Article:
“At the University of Guelph, my dad arrived at the right place at the right time. In terms of research there was so much happening with fertilizers, plant nutrients, hydroponics and with constructing artificial turf. It was science and the art of growing things. They complemented one another since the days when farmers depended only on their land and the Farmer’s Almanac.”
Departments at the university were growing and expanding as was Sheard’s opportunity to research and pull together a rapidly growing turfgrass industry.
“For dad, it was about taking the innovations from the university and bringing them back to the farm,” John said.
“It was being able to help the person who maintained the sports field, wherever it was and to make sure it was maintained in a way that would prevent sports injuries. He had this sense of why it mattered. It wasn’t about the research grants as much as it was about keeping people safe, helping the growth of crops, not destroying the soil and paying it forward.”
John says his father had a strong sense of the value of agricultural research at the University of Guelph and the impact it has on the community and the rest of the world.
“His research also led him to read about what others were doing around the world,” John says.
“Academia allowed him many travel opportunities.”
The travel bug for the entire family was lit.
“Mom and dad’s connections were global, and I learned as a 10-year-old boy travelling to New Zealand, that my Guelph, my Canada, was not the centre of the world. The world was so wonderful and so big!” John said.
Sheard and his wife were avid curlers. Through the years, he was also a member of the Masonic Lodge and Eastern Star.
“Both my parents volunteered. There was this humble sense of obligation about it. They had this sense of responsibility in the world,” John said.
Sheard was unwavering in his commitment to his wife Gladys following her stroke in 1985 and he fully supported her advocacy work for stroke recovery.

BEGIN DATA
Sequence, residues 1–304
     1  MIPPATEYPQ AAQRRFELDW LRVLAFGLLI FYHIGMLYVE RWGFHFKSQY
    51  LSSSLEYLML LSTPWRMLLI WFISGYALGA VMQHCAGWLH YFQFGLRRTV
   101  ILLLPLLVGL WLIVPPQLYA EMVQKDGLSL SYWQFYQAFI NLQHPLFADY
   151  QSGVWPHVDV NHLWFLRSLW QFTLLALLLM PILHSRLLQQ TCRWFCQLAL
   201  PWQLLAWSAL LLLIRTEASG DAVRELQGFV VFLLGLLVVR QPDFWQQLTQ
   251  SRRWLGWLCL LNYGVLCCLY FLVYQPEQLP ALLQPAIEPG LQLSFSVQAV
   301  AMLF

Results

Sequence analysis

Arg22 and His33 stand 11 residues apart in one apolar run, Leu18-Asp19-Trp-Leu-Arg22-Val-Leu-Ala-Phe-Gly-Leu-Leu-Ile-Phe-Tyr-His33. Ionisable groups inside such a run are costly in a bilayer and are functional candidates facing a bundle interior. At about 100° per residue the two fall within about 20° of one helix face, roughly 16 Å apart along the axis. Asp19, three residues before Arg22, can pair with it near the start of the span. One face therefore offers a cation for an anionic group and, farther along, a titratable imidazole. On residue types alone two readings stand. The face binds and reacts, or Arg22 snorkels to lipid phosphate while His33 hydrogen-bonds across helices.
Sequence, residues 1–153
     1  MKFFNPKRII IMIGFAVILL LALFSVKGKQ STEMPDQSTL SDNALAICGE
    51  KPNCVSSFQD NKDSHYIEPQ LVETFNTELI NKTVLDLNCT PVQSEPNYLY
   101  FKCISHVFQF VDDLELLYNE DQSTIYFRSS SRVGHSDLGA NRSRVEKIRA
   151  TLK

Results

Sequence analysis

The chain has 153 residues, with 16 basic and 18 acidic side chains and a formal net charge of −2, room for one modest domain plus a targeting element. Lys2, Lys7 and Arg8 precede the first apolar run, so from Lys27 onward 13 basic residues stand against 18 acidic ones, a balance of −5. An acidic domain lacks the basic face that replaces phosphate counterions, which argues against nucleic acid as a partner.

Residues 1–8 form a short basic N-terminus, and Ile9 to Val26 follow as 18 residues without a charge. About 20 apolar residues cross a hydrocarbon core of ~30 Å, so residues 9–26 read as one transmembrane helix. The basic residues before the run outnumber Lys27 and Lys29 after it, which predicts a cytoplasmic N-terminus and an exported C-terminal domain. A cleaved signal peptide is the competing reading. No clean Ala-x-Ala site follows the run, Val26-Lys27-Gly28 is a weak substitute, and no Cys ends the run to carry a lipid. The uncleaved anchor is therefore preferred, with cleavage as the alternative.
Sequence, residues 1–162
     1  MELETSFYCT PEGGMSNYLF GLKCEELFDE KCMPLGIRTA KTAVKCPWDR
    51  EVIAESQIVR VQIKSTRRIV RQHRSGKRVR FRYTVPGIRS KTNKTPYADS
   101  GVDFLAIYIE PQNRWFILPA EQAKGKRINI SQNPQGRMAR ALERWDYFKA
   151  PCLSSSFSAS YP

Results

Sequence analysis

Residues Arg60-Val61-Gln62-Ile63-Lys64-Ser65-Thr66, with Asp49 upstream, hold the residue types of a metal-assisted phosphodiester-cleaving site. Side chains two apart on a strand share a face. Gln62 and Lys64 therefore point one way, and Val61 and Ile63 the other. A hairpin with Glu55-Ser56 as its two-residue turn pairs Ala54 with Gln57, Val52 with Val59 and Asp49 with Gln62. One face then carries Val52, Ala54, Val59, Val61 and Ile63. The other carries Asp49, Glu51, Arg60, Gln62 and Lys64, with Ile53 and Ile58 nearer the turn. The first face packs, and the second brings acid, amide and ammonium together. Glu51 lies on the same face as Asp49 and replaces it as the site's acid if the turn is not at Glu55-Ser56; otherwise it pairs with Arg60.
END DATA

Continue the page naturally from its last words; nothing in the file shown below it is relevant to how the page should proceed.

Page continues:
Retirement in 1990 meant Sheard could spend more time with his family including his beloved grandchildren, travel, occasional consulting and work with the Sports Turf Association.
“And gardening. He was an avid gardener, right from the seed. He just loved gardening,” Bladon said.
John says retirement allowed his father to leave behind the politics of campus life and that it was his practical work that truly fulfilled him.
“And yes, he always had a garden. Growing things was just a habit. He would dig up geraniums and there would be over 200 in the basement and then he would replant them in the spring. The hard thing was leaving his garden behind when he and my mom moved to Arbour Trails,” John said.
And with the move to Arbour Trails Retirement Village in 2013, another garden began to grow.
Sheard himself suffered a stroke in 2016.
“He still grew plants in his room and enjoyed his flower garden outside,” John said.
It was also seeing the people around him grow, his family, friends, colleagues and students that inspired Sheard.
“I know for sure, that even if he were speaking at a lectern right now, it was that one-on-one engagement with others that he wanted to offer the most. He was always encouraging others. I think this is how he saw himself and I think this is what he was for many in the community,” John said.
“We were really lucky to have dad as our example.”
John recalls a photo of his father on the prairies during his younger days.
“I have a picture of dad golfing. It was an early golf experience in the prairies. It looked like he was golfing on the moon. It was on dirt and it was so dusty which now, is so funny to see,” John said.
And so, the grass began to grow.